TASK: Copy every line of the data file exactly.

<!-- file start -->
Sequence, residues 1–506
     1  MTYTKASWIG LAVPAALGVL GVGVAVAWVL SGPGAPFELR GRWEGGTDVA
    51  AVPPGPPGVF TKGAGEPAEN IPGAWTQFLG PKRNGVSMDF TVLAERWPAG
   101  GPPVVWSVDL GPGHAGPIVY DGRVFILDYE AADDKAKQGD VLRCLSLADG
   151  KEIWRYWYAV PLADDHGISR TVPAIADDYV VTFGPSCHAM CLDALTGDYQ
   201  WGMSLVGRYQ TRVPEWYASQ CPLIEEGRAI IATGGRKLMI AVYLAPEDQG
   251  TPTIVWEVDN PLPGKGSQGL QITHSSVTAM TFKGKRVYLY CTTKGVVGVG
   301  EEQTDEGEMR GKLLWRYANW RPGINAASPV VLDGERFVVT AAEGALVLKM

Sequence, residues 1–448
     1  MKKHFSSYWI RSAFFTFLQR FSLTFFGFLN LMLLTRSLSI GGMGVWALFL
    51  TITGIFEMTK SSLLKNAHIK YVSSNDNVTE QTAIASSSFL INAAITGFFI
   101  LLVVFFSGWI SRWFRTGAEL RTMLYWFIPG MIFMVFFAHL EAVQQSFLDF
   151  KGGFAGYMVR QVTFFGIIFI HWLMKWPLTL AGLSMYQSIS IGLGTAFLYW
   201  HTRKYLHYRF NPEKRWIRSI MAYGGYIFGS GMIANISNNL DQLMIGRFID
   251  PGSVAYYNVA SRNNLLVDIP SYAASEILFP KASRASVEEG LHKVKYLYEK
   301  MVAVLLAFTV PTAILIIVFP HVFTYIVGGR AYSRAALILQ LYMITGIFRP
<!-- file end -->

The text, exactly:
Sequence, residues 1–506
     1  MTYTKASWIG LAVPAALGVL GVGVAVAWVL SGPGAPFELR GRWEGGTDVA
    51  AVPPGPPGVF TKGAGEPAEN IPGAWTQFLG PKRNGVSMDF TVLAERWPAG
   101  GPPVVWSVDL GPGHAGPIVY DGRVFILDYE AADDKAKQGD VLRCLSLADG
   151  KEIWRYWYAV PLADDHGISR TVPAIADDYV VTFGPSCHAM CLDALTGDYQ
   201  WGMSLVGRYQ TRVPEWYASQ CPLIEEGRAI IATGGRKLMI AVYLAPEDQG
   251  TPTIVWEVDN PLPGKGSQGL QITHSSVTAM TFKGKRVYLY CTTKGVVGVG
   301  EEQTDEGEMR GKLLWRYANW RPGINAASPV VLDGERFVVT AAEGALVLKM

Sequence, residues 1–448
     1  MKKHFSSYWI RSAFFTFLQR FSLTFFGFLN LMLLTRSLSI GGMGVWALFL
    51  TITGIFEMTK SSLLKNAHIK YVSSNDNVTE QTAIASSSFL INAAITGFFI
   101  LLVVFFSGWI SRWFRTGAEL RTMLYWFIPG MIFMVFFAHL EAVQQSFLDF
   151  KGGFAGYMVR QVTFFGIIFI HWLMKWPLTL AGLSMYQSIS IGLGTAFLYW
   201  HTRKYLHYRF NPEKRWIRSI MAYGGYIFGS GMIANISNNL DQLMIGRFID
   251  PGSVAYYNVA SRNNLLVDIP SYAASEILFP KASRASVEEG LHKVKYLYEK
   301  MVAVLLAFTV PTAILIIVFP HVFTYIVGGR AYSRAALILQ LYMITGIFRP